certificates, credentials, and licenses earned. Include special workshops, seminars,
      noncredit courses, and self-taught skills when they are appropriate to your job objective.

      Awards and Honors: List awards, honors, and scholarships you have received.

      Related Activities: Focus on your participation and accomplishments in clubs,
      societies, athletic, or other organizations. List community service, civic achievements,
      volunteer experience, and school projects in this section.

      Special Skills: Describe you abilities with computers and specific software, reading,
      speaking, or writing of foreign languages, operating specific machinery and equipment,
      etc. If your interests or hobbies relate to the job, include them as well.

      Other Facts: This section contains details not appropriate for the above sections. You
      can divide the information into several sections depending on your particular history.
      Additional sections might include professional association memberships, published
      articles, or brief statements reflecting your personality, character, attitudes, and
      desirable attributes.

Writing Tips for the Hard Copy Resume
        1. Paper Quality: Minimum 20 lb. bond weight
        2. Paper Size: 8 ½ “ x 11” (Use one side only.)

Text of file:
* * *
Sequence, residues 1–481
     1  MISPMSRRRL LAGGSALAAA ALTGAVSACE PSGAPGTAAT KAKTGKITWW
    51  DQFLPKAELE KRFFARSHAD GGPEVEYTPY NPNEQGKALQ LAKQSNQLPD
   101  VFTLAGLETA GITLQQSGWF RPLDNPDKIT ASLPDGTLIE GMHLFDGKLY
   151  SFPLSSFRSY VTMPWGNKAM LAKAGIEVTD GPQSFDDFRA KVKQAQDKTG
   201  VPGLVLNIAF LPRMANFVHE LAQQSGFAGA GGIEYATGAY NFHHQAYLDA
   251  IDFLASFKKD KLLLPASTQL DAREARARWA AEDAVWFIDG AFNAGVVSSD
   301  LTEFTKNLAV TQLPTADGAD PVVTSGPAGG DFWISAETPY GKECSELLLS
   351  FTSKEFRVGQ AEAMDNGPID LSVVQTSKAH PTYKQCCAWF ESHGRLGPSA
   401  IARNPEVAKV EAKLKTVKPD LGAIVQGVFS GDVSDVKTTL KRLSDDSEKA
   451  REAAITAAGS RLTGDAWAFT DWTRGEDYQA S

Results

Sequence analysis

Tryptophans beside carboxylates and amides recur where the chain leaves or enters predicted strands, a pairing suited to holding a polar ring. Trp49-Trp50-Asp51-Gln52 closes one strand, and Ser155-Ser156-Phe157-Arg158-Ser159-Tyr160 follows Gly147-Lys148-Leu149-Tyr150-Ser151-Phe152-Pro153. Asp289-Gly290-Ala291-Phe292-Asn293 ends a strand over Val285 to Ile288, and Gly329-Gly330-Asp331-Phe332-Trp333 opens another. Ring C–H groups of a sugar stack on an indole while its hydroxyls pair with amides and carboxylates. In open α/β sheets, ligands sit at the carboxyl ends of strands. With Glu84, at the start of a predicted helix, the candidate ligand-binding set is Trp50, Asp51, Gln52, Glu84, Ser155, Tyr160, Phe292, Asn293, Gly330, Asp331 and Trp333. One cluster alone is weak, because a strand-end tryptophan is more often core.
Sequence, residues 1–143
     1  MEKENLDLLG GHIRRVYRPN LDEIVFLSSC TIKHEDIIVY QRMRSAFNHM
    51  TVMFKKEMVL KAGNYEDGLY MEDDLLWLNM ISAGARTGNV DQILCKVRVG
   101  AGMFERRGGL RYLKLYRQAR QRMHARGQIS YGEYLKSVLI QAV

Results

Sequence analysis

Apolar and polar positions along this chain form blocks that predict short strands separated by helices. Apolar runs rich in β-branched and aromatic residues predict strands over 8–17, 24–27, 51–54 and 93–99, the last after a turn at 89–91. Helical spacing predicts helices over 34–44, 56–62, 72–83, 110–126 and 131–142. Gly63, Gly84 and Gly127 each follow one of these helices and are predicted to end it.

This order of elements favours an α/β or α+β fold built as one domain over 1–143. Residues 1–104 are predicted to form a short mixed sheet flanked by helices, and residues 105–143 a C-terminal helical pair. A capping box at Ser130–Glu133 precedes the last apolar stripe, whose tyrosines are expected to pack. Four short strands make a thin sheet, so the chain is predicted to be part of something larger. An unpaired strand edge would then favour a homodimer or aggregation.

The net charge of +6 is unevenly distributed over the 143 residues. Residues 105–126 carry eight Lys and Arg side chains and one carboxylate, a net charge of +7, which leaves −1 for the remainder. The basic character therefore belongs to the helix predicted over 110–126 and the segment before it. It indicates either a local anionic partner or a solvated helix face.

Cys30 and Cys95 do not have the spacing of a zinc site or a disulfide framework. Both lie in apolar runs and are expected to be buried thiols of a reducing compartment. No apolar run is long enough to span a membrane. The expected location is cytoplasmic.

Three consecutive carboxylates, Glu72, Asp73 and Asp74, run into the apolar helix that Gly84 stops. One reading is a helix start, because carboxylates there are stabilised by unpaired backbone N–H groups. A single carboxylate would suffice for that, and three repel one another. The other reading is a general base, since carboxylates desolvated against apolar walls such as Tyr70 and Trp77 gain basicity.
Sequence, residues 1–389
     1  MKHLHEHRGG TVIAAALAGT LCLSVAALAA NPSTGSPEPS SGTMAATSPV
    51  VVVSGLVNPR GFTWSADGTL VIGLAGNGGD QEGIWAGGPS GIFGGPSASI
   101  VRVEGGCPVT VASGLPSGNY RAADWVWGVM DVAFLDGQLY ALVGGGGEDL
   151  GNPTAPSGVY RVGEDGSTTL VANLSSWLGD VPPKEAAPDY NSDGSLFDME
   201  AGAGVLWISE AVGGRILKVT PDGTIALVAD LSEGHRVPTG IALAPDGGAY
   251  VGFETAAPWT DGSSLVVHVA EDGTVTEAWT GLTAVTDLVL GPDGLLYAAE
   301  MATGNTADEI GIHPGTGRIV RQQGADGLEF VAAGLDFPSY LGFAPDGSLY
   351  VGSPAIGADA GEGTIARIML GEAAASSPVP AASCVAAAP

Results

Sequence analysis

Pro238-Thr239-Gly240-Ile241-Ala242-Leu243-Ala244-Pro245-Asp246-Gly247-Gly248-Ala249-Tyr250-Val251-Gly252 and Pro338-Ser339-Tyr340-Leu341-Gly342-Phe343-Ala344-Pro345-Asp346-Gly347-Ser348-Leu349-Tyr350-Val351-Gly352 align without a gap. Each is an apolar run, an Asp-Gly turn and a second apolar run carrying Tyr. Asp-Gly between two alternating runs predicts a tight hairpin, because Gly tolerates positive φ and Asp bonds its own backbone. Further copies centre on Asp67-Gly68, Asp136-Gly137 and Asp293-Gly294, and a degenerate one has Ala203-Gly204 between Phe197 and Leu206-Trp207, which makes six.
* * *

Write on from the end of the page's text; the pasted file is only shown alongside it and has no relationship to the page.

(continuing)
3. Number of Pages: 1-2 maximum
        4. Color: White or off-white (Match cover letter, envelopes, and resume.)
        1. Font: Arial, Serif, Times Roman, Courier, Helvetica (Do not mix fonts.)
        2. Font Size: 10-14 points
        3. Capitalizations: Use for headings only.
        4. Print: Deskjet or laser only which is of a high quality.

      Visual Effects
         1. Format: Use column format, about 4-5 inches, like in magazines, newspapers,
            and advertising copy.
         2. Balance: Balance the information on one side of the page for easy reading.

        3. Space: Use plenty of white space with wide margins and good spacing between
        4. Visuals: Use bolding, italics, underlining, and bullets as visual indicators to make
           text stand out.
        5. Margins: Align all margins consistently.

        1. Center your personal identification at the top of the page or in the upper left
        2. The job objective is noted under your personal identification.
        3. The next section should contain your strongest qualifications which is usually
           education or work experience.

       1. Demonstrate results, problem-solving, achievements and specific examples of
          successful performance including voluntary and military experience.
       2. Omit information about political, religious, philosophical preferences, special
          interest activities, or associations unless you are applying for a job with an
          organization that fully supports the work of those groups.
       3. Eliminate personal data such as Social Security number, ethnicity, gender, age,
          sexual orientation, height and weight, health condition, physical disabilities,
          marital status, and number of children.
       4. Emphasize activities that reflect ability, energy, versatility, flexibility, wide